22 Mar 2013
• All markets were generally negatively impacted by the Cyprian bailout concerns this week. Some very smart person (country) in the European Commission (Germany) decided it would be good idea to impose a levy (tax) on bank deposits.
• Now, whilst the concept of levy on bank deposits was logical given the Cyprian banking sector is 5 times larger than the size of the whole Cyprian economy (which is broke), imposing a levy on small depositors (those under $100k) is a big no no.
• Now the European Central Bank has said it will cut off emergency funding to Cyprus on Monday if the country cannot reach a bailout agreement with its funders. Further market volatility to come.
• The Australian market corrected (fell) this week after a strong couple of months. The correction was largely welcomed given stock prices had run a little ahead of themselves.
• The US market’s winning streak ended at 10 sessions – its best run since 1996.
• In contrast, the US market actually firmed in the 2nd half of this week after the US Federal Reserve announced they will continue with the current stimulus programs even in light of improving US data.
• Coca-Cola Amatil announced that its long standing CEO Terry Davis will step down next year after more than 12 years in charge. The market saw this as negative given he is highly respected.
• In the minutes of the Reserve Bank of Australia’s March board meeting, the RBA said low interest rates are providing some boost to the non-mining sectors but conceded that further rates cuts may be needed.
• In contrast to last week’s very surprising employment numbers, job advertisements on the internet fell by 4.3% in February.
• Australia’s manufacturing sector continues to hurt with data showing the sector had slumped to its weakest level in nearly 3 years and is now contracting. Interest rate cuts haven’t helped as the Aussie dollar has remained high.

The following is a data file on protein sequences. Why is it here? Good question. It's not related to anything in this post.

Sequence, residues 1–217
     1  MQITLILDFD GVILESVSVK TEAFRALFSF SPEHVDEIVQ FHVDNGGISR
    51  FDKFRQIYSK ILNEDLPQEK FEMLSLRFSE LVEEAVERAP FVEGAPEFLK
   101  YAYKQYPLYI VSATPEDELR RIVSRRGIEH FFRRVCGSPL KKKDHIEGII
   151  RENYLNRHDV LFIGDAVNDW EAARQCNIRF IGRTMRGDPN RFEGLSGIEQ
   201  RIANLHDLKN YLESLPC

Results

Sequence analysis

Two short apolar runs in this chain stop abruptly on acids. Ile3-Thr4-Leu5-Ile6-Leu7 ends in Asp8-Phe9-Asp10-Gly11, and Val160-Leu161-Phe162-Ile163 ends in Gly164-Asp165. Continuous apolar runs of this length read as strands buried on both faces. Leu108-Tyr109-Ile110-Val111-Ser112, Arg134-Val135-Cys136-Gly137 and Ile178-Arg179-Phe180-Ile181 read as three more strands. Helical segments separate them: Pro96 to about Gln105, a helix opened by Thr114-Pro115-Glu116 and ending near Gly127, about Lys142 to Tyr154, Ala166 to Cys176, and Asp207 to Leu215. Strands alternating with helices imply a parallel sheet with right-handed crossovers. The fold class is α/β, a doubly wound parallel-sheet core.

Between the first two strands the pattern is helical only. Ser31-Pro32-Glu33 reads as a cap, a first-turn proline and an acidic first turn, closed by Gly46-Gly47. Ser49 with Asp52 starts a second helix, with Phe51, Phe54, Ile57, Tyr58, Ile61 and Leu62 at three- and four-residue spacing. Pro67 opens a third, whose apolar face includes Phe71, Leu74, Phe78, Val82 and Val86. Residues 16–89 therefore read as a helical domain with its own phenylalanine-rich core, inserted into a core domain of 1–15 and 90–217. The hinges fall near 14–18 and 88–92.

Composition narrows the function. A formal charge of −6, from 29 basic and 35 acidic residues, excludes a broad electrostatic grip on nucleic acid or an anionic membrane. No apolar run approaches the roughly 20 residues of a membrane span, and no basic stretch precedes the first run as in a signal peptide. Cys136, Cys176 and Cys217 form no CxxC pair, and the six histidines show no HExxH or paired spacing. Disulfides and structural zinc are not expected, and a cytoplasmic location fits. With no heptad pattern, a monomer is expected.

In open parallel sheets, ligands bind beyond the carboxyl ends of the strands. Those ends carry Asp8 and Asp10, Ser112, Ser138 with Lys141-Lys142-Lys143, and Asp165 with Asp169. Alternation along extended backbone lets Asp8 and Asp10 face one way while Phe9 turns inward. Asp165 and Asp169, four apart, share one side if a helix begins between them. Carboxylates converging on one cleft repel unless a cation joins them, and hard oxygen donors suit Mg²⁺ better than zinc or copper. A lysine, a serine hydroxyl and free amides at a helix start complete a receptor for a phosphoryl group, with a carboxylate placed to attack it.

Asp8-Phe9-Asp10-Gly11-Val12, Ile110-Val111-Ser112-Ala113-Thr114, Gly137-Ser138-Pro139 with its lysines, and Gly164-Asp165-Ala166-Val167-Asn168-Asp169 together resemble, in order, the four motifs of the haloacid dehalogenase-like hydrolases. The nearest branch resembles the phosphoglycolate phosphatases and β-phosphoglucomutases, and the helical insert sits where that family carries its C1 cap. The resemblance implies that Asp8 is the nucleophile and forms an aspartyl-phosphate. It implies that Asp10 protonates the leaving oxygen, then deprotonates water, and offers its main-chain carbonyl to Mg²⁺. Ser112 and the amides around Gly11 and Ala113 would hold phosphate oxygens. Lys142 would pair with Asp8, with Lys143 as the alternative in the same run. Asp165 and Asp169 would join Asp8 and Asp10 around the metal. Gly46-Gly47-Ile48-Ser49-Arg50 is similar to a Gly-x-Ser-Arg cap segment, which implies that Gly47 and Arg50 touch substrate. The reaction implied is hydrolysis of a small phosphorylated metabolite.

• Unsurprisingly, the Cyprian parliament voted down the levy on bank deposits and it’s now back to the negotiating table with European Commission, the IMF, and the European Central Bank (and Germany of course).
• The US housing recovery continues with housing starts up yet again and building permits at their highest level since June 2008.
• Yesterday saw another black mark against the federal Labor party with a leadership contest announced…..no-one thought to actually contest it, so the incumbents remain in power by default.
• This followed a disastrous week for the party after their rushed (understatement of the year) media law changes failed to gain support in the lower house.
• China’s new premier has vowed to roll out economic reforms (liberalising of interest rates, exchange rates, opening the services sector and making the government more transparent) whilst cracking down on corruption. All a positive for the rest of the world given China is now the world’s 2nd largest economy.
• The Italian parliament reconvened for the first time since the election. Given no agreement has been reached as to who will lead the country, the Cyprian debacle was a welcome distraction.
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